The article’s main argument is centered around the misuse of populist terminology when describing popular grassroots organizing and movements. Linda Gordon writes that ‘populism’ became a trendy word during the recent US election to describe Donald Trump and Bernie Sanders’ campaigns. These referrals are damaging to the political landscape and emphasises that historians and media should be stricter when calling a person or group populist.
The argument is expanded upon by outlining the history and practices of the KKK, what she calls a true populist movement. The KKK is characterized by all of the 13 elements that are displayed by populist groups such as, large size, mass mobilization, extreme nationalism, victimization and conspiracy theories. For example, the Klan considered all white Anglo-Saxon protestant’s victims who have fallen to the Jews and Catholics. The Jews, ran Hollywood and attempted to subvert women’s morality through their near naked depiction and the Catholics invaded the police, politics and schools.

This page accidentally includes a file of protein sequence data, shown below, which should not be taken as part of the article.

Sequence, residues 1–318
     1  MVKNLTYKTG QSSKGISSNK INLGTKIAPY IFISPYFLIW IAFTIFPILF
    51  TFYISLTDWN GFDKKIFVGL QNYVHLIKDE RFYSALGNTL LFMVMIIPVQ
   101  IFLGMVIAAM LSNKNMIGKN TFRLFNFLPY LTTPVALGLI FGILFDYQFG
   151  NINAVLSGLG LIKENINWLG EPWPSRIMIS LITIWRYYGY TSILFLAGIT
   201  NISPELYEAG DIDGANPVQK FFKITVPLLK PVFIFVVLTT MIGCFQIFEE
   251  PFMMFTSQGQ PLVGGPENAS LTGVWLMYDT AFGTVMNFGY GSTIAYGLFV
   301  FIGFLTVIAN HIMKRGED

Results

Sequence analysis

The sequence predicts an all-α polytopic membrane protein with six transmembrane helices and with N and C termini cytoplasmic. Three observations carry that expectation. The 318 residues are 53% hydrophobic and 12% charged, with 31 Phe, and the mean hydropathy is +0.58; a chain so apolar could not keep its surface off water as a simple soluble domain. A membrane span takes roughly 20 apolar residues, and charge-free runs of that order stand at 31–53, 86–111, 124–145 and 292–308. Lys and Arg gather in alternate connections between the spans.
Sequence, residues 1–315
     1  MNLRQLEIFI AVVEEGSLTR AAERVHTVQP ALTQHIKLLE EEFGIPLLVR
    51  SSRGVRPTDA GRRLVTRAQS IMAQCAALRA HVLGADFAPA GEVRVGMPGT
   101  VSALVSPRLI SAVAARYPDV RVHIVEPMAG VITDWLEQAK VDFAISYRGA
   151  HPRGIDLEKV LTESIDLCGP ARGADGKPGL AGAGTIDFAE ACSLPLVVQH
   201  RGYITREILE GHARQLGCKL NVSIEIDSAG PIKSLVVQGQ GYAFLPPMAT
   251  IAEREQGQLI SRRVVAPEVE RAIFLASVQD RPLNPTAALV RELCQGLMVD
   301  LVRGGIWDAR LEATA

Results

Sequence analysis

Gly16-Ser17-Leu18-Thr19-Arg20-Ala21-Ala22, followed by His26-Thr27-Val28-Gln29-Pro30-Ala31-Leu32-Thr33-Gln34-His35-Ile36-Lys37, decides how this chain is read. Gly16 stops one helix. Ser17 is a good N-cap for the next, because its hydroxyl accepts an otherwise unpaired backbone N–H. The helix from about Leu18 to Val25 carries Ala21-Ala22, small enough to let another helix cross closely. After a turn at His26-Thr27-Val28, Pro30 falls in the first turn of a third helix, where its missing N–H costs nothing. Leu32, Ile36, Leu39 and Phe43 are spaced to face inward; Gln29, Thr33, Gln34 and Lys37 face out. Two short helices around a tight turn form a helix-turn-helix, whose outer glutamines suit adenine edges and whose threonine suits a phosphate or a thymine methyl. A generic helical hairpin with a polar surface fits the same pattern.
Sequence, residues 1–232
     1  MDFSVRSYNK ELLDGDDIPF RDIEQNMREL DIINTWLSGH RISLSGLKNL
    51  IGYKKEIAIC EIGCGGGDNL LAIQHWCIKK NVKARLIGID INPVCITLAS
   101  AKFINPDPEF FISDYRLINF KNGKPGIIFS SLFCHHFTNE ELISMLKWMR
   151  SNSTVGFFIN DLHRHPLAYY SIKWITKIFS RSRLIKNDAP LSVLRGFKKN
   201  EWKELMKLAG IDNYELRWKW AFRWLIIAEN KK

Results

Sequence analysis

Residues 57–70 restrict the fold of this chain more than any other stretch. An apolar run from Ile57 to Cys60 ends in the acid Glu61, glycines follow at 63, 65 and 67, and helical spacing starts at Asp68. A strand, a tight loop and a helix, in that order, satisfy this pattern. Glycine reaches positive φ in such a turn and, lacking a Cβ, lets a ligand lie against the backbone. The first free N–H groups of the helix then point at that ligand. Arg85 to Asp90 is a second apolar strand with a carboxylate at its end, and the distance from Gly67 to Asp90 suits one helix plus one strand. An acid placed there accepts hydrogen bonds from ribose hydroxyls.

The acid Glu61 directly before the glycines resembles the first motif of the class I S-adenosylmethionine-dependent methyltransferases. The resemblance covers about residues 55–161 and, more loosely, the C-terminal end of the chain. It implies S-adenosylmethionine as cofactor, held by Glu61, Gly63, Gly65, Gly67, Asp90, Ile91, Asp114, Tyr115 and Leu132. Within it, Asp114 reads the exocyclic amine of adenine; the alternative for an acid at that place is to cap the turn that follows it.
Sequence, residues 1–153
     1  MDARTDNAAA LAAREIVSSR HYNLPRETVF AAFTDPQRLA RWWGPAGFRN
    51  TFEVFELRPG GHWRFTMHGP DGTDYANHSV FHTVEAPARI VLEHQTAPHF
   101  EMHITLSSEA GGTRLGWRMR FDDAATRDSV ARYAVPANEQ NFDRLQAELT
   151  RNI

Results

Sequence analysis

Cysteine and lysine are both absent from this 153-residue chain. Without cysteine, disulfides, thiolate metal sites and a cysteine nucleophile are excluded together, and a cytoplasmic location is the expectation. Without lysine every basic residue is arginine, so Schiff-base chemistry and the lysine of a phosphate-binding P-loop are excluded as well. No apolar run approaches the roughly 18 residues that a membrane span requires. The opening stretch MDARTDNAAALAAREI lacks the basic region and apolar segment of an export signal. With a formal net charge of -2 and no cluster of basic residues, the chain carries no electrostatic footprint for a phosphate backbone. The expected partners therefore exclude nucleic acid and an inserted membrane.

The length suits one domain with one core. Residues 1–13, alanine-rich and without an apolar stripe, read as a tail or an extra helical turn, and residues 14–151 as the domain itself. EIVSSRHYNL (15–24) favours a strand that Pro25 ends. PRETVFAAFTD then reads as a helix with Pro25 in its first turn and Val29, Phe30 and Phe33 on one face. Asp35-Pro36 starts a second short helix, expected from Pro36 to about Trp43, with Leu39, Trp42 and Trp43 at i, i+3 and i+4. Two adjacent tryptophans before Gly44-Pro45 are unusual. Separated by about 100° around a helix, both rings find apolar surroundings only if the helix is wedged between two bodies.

Is the ‘alt-right’ filling the void that the KKK once occupied? I believe they could fit in most of the 13 elements, but they seem less harmful. They have mass participation which can be seen online and in the event in Charlottesville. They are anti-immigration and angry and distrustful of elites. A distrust of experts can also be seen in the ‘fake news’ campaigns. The alt-right has also expressed disdain for the Jewish community following the fashion of the KKK. One of the leaders, Richard Spencer is a proponent for a Jewish free white only North America.
Does the alt-right wield the same power as the KKK once did? Does the alt-right lack central leadership that diminishes the cohesion needed to wield such power? Can they evolve to be as recognisable as the KKK? How has the Trump era influenced groups like the KKK and the alt-right?